“Back then if you saw another Indian on the street you would stop and talk to them because you would hardly ever see one,” her daughter Pratibha adds. “Now, it’s just everyday.”
With the support of so many of their countrymen and women it has become easier for Indian Australians to express and share their culture as Sharon Johal, one of the contestants on the recent SBS ratings hit Bollywood Star, observes.
“It was toward the my later teens, early 20s, when I actually embraced the fact that I was Indian,” reveals the lawyer, who has family in Point Cook.
“Before that I used to always try to make myself look white. I grew up in a really small country town where there were no other Indians. The closest thing to us were Aboriginals. Mum was often confused as an Aboriginal person.”
In spite of a typically Aussie name, Sharon recalls feeling her cultural background set her apart.
“It was more ignorance than racism. People just didn’t understand why I wasn’t allowed to go to parties, why I had to be fully covered a lot of the time, or even what we ate.
“If one of my school friends came to my house it would be like: ‘Your house smells of curry’ — as if it were not a good thing. Whereas these days people are begging for an invite. They’ll say, ‘Ask us over, so your mum can cook us some food’.”
Indian food has been its people’s greatest ambassador as Jessi Singh, chef and co-owner of Kyneton’s hugely popular Dhaba Mill, agrees.
“Food brings people together,” he says. ‘’Huge numbers of Australian have travelled to India and become very familiar with the food and the culture.”
Indeed, since the ‘70s a trip to India has been almost an obligatory rite of passage for young Australians.
But it is really only in the past few years we have started to see the influence of Indian migration on the high street here.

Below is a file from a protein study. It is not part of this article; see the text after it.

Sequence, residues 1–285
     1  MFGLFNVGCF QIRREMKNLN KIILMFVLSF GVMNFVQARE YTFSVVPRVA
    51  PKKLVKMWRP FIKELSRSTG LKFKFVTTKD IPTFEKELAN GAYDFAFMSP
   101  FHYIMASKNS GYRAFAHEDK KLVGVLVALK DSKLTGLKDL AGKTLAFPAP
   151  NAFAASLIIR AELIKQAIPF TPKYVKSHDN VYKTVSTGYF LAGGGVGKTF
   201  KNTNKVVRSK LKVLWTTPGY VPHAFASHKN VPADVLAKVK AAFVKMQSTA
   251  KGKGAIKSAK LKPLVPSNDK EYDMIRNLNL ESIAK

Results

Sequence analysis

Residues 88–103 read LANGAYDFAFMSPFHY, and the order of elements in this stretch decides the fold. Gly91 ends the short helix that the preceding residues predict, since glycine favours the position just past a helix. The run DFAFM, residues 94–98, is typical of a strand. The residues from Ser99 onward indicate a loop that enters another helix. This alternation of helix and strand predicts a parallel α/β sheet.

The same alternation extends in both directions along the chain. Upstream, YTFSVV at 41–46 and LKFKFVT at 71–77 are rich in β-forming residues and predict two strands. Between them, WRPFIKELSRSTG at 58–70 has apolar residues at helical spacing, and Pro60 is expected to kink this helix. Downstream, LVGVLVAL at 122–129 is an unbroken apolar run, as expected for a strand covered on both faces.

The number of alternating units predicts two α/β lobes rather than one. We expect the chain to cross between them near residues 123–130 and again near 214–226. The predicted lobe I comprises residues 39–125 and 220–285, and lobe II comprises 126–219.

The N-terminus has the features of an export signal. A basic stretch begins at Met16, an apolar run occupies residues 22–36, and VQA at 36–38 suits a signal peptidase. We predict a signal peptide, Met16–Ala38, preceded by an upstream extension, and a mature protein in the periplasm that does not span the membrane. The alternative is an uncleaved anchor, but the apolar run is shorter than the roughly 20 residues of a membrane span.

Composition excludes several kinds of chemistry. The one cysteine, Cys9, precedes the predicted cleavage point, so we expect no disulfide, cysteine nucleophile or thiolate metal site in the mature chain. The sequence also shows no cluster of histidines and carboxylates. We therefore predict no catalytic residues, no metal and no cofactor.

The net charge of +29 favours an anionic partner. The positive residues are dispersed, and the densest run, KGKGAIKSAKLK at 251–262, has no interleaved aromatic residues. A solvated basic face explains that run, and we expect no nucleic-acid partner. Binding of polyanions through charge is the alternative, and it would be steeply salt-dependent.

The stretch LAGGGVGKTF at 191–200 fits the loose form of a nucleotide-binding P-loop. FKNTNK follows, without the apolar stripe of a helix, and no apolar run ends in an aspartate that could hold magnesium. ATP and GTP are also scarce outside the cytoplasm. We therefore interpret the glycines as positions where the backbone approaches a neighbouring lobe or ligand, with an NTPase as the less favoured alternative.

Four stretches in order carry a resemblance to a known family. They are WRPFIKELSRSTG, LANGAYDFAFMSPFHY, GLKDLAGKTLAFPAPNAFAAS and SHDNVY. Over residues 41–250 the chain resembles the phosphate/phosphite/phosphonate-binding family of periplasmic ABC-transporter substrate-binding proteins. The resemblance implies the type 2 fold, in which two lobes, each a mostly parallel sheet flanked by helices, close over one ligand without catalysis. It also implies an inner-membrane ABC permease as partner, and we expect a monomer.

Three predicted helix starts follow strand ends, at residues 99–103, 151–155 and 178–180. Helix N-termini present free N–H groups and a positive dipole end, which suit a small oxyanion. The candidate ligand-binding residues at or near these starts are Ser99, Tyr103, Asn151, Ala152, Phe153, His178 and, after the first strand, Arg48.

“Indian is the new Chinese,’’ Singh says. “Just like in the ‘70s Chinese popped up everywhere, even in places like Coober Pedy. Now it is Indian migrants making a mark.”
On of the key factors in successful settlement has been that most Indian migrants spoke English fluently upon arrival.
“Indians are smart,’’ the restaurateur says. ‘’We don’t have a language barrier and we can go and work pretty much anywhere in Australia.”
Australia holds obvious attraction, particularly for India’s burgeoning middle class, who want to provide the best opportunities for their children,
“My nephew just graduated in mechanical engineering,’’ Singh says. ‘’To get into uni he has to pass a test where he sat down with 14 million candidates for just 111 places. He had to beat millions of people just to get in.”
Small wonder Indian students are worth almost $3 billion to the Australian education sector. But it’s not just students who contribute to our economy.
Department of Foreign Affairs and Trade figures show $6.88 billion went from Australia to India in 2010-2011 in investment and merchandise trade while $20.4 billion came from India to Australia.
It’s a very valuable concord.
If the relationship between our two countries could be scripted it would be as fluorescent and compellingly kinetic as any Bollywood movie.
To borrow an Indian term, these are the desi days of our lives and happy endings, just the thing.